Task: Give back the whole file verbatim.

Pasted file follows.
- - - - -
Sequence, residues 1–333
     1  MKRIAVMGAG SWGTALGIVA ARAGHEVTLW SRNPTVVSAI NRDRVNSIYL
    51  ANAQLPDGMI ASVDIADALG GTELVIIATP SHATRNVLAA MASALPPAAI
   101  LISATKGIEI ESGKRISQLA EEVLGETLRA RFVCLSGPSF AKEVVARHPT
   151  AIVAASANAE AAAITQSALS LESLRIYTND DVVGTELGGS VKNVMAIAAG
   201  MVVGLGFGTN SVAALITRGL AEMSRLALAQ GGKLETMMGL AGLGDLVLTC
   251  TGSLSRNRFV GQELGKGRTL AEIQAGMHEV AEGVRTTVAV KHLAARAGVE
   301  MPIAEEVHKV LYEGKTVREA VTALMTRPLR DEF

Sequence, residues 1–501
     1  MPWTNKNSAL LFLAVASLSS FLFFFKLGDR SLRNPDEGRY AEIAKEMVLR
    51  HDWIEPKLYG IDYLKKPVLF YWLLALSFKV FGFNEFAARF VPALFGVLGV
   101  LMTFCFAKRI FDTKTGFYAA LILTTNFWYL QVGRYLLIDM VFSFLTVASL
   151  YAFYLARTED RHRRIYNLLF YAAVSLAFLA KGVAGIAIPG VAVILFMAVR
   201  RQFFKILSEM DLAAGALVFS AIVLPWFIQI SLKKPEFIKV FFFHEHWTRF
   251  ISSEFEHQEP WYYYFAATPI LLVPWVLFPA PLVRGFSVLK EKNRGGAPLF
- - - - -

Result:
Sequence, residues 1–333
     1  MKRIAVMGAG SWGTALGIVA ARAGHEVTLW SRNPTVVSAI NRDRVNSIYL
    51  ANAQLPDGMI ASVDIADALG GTELVIIATP SHATRNVLAA MASALPPAAI
   101  LISATKGIEI ESGKRISQLA EEVLGETLRA RFVCLSGPSF AKEVVARHPT
   151  AIVAASANAE AAAITQSALS LESLRIYTND DVVGTELGGS VKNVMAIAAG
   201  MVVGLGFGTN SVAALITRGL AEMSRLALAQ GGKLETMMGL AGLGDLVLTC
   251  TGSLSRNRFV GQELGKGRTL AEIQAGMHEV AEGVRTTVAV KHLAARAGVE
   301  MPIAEEVHKV LYEGKTVREA VTALMTRPLR DEF

Sequence, residues 1–501
     1  MPWTNKNSAL LFLAVASLSS FLFFFKLGDR SLRNPDEGRY AEIAKEMVLR
    51  HDWIEPKLYG IDYLKKPVLF YWLLALSFKV FGFNEFAARF VPALFGVLGV
   101  LMTFCFAKRI FDTKTGFYAA LILTTNFWYL QVGRYLLIDM VFSFLTVASL
   151  YAFYLARTED RHRRIYNLLF YAAVSLAFLA KGVAGIAIPG VAVILFMAVR
   201  RQFFKILSEM DLAAGALVFS AIVLPWFIQI SLKKPEFIKV FFFHEHWTRF
   251  ISSEFEHQEP WYYYFAATPI LLVPWVLFPA PLVRGFSVLK EKNRGGAPLF